“You are too sweet!! How come I never came to you earlier?”

“Well Butter, it’s because it wasn’t our time yet. I knew there was a reason they put me in this room here filled with Humans who don’t have no teeth anymore. It wasn’t my time to die until I had found you. They knew none of the old hags would even come near me anyways. Not only will I hurt their gums, but they’ll never be able to steady their hands from shaking long enough to crack open my shell!”

“Pepito I love you! Let’s get married! Let’s die together! It is our time now!”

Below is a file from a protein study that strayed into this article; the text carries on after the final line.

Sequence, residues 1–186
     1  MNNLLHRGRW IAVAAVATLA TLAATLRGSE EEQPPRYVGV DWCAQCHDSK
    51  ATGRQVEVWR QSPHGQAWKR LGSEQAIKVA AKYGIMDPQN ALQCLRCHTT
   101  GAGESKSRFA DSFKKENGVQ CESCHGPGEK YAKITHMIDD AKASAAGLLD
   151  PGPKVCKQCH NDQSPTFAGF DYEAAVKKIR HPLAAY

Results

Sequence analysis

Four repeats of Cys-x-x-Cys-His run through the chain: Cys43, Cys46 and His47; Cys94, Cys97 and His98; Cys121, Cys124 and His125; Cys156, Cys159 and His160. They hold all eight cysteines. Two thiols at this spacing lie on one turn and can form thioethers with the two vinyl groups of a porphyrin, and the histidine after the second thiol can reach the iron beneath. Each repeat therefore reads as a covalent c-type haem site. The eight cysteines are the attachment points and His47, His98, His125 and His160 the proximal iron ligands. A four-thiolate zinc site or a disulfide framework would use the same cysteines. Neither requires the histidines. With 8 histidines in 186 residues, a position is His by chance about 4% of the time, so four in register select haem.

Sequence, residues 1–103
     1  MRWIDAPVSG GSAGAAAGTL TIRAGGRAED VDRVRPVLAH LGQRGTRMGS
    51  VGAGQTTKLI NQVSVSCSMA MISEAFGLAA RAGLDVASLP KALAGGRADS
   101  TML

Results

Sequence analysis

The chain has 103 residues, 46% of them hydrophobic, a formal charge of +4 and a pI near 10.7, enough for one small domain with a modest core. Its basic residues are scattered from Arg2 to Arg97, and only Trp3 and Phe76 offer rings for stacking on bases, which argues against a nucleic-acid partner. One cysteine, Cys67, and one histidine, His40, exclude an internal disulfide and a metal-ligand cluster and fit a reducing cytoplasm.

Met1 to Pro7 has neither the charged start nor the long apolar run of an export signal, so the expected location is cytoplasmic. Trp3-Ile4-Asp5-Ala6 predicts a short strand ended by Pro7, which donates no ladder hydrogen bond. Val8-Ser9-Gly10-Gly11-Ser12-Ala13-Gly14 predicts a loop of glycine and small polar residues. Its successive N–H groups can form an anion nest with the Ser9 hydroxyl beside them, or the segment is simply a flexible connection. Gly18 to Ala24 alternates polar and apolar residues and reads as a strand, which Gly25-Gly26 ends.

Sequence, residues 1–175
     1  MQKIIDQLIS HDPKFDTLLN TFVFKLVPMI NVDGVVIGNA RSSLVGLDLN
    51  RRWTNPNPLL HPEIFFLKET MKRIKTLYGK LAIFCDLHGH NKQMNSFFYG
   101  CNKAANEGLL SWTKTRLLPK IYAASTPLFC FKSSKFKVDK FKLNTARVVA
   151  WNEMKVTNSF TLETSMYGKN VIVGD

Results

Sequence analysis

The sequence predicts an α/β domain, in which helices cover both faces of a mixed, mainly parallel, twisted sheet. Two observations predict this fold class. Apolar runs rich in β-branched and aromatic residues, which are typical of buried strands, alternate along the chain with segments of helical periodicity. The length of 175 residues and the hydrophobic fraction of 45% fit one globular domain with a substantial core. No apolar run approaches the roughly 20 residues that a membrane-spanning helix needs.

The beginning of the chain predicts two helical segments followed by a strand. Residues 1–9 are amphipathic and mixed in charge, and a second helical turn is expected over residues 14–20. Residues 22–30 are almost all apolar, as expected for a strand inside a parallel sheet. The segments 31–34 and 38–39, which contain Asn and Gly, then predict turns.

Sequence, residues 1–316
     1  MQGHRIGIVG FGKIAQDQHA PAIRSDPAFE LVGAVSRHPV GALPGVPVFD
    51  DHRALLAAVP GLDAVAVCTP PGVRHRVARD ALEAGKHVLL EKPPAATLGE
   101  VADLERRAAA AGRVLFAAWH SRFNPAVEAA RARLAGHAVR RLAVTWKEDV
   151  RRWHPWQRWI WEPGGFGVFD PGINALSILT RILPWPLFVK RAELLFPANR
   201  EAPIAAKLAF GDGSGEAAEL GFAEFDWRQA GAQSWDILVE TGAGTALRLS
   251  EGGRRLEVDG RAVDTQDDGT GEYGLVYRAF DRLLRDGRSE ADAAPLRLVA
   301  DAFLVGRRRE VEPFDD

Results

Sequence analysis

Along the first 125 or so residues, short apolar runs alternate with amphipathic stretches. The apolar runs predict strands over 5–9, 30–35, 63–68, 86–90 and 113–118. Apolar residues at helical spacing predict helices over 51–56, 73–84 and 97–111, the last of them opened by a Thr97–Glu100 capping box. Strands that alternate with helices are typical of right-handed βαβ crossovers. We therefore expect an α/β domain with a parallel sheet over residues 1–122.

That was the happiest moment I’ve ever experienced, being in that room with the Peanut of my life. We got married right away. We decided to get jarred right there in the heart of Jacksonville, Florida. No longer were we individuals. No longer were we soul mates. No longer was he Peanut and I Butter. We were Peanut Butter. Never to be separated again. It was the first time in my life that I felt complete. We were a very nutty couple but we were perfect. We lived in the Sunshine Senior Citizen’s Center for a few minutes, in the same room Pepito had stayed in. We were irresistible together. All the old toothless fogies fought over us now that we were finally something they could eat without having to put in their dentures. Finally, the old man in the electrical wheelchair and the 3” thick glasses won the battle. He picked up a spoon, then wheeled us over to the window. He looked out at the sunset and began to eat us. We were dying, but we were together at last, and that was all that mattered. “Peanut Butter,” he said, “it’s hard for me to talk with it stuck to the roof of my mouth, but who would ever think of separating the two. They were made for each other.”